Man Who Allegedly Had Explosives Appears in Court

Tracking Source Of Explosives Found In Raid

BUFFALO, NY – A man arrested during a drug raid and allegedly found to be in possession of dangerous, military grade explosives, was arraigned in Buffalo City Court on Wednesday morning, where his bail was set at $100,000.

Luis Garcia-Ramos, 28, plead not guilty to a host of charges before Judge Barbara Johnson-Lee.

According to court documents obtained by 2 On Your Side, police were acting on a warrant when they raided Ramos' Chicago Street apartment where they allege he had been selling drugs.

“These narcotics were being distributed to individuals that were driving in from the suburbs, into the city of Buffalo to purchase crack cocaine," said Alan Rozansky, Chief of the Erie County Sheriff’s Narcotics Division.

During the raid, lawmen said they found a small quantity of cocaine, drug paraphernalia, a loaded shotgun, and – perhaps most disturbing - a small  amount of C-4, a military grade explosive, along with detonating cord and a time fuse.

The ATF was contacted and will, according to Sheriff’s Bomb Squad Captain Jim Welch, attempt to deduce the origin of the explosive material.

Recipes to make C-4 can be easily found on line, where the ingredients for it can also be purchased.

“There are readily available powders that are legal to own, but the way someone can configure it could be pretty devastating if they want to make a pipe bomb," Said Sheriff’s Bomb Squad Lt. Greg Kent.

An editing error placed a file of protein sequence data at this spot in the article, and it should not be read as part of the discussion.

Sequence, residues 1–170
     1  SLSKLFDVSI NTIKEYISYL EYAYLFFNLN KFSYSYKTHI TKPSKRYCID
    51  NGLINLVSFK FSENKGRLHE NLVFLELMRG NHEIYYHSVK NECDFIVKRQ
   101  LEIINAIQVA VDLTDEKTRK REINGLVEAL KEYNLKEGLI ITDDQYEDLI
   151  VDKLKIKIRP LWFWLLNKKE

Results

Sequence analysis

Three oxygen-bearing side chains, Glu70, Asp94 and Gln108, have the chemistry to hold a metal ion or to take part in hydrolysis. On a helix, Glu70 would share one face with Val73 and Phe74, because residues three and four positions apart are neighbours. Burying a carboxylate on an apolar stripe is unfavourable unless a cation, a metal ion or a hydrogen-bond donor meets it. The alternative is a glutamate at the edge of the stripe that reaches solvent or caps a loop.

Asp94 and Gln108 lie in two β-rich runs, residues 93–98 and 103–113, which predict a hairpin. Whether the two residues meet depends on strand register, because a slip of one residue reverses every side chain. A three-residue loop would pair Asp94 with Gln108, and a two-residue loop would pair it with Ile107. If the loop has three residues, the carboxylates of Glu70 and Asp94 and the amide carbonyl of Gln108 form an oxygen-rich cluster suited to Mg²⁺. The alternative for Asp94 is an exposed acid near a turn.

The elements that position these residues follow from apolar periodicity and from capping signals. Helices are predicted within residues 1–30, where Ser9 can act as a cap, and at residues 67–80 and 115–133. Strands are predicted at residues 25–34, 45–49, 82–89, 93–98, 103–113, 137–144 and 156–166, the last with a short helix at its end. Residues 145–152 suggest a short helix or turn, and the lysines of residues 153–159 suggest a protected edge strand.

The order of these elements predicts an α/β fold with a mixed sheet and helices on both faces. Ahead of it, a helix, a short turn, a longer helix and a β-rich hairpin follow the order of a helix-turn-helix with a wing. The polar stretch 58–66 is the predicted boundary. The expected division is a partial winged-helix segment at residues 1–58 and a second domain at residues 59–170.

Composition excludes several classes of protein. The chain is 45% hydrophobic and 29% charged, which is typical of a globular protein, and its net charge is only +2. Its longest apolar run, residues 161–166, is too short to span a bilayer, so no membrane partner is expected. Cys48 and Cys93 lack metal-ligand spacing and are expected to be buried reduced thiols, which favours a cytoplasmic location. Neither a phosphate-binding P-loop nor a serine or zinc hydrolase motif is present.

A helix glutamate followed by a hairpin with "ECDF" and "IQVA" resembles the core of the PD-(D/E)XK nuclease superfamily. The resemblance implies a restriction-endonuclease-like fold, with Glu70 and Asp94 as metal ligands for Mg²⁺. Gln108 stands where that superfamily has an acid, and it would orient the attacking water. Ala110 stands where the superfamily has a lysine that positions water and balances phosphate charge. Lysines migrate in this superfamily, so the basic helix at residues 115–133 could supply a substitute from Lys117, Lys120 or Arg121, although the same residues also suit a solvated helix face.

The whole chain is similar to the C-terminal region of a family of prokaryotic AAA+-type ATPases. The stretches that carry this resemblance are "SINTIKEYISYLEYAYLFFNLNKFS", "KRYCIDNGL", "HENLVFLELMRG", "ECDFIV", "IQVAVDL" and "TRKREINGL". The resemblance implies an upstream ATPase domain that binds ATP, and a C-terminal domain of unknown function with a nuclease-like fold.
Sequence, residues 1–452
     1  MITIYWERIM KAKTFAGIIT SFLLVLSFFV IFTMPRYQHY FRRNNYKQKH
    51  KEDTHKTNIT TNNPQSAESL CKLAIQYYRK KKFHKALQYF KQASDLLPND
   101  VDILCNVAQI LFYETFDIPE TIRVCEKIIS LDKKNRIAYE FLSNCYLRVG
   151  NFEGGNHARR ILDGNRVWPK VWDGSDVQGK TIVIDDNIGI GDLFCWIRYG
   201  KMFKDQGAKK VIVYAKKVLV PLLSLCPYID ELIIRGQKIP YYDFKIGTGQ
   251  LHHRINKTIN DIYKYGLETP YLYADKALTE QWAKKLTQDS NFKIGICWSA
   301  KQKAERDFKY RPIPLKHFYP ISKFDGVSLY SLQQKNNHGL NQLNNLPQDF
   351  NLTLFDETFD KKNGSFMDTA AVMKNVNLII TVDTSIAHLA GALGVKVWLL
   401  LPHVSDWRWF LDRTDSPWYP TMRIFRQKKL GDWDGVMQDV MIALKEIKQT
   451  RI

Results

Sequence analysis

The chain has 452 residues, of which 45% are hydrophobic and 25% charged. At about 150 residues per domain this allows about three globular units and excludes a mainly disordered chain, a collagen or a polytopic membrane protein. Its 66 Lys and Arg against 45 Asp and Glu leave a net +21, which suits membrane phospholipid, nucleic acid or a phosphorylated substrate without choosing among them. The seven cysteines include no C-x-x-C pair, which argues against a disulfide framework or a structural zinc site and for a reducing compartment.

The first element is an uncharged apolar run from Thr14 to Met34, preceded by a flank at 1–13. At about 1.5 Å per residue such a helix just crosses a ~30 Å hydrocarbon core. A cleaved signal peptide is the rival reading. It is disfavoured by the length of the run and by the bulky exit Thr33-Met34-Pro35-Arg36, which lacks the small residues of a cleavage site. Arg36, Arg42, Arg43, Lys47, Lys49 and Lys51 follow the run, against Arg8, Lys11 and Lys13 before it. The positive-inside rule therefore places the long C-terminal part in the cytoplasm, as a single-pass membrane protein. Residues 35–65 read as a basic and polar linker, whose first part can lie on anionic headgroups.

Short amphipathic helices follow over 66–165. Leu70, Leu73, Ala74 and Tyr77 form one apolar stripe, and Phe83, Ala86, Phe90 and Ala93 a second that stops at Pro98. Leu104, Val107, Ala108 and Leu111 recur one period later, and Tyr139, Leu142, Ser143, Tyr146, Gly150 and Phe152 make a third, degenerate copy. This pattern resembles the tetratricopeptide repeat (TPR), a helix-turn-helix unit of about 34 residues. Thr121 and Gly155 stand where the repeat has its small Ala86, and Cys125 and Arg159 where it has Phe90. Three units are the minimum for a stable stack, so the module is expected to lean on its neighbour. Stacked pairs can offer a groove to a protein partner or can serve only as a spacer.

Interestingly Ramos is not charged with illegally possessing the C4, or bomb making materials. He is charged instead with illegally storing the stuff by not having it contained in a regulation magazine constructed under specific standards – a felony under the state business law.

"The explosives were found in a second floor closet which was in an open hallway," confirmed Sheriff’s Narcotics Squad Detective D.J. Granville.

However, this lead to Ramos also being charged with endangering the welfare of a child, as it is alleged that the materials, along with his loaded shotgun, were stored in a manner which made them easily accessible to his 7-year-old son.

During Wednesday's five-minute court proceeding, prosecutors moved to have Ramos held without bail, or at the very least have it set at $250,000 due to what they classified as the “serious nature” of the charges. But Ramos’ lawyer noted that his client has no criminal record, Judge Johnson-Lee set the bail at $100,000 instead.


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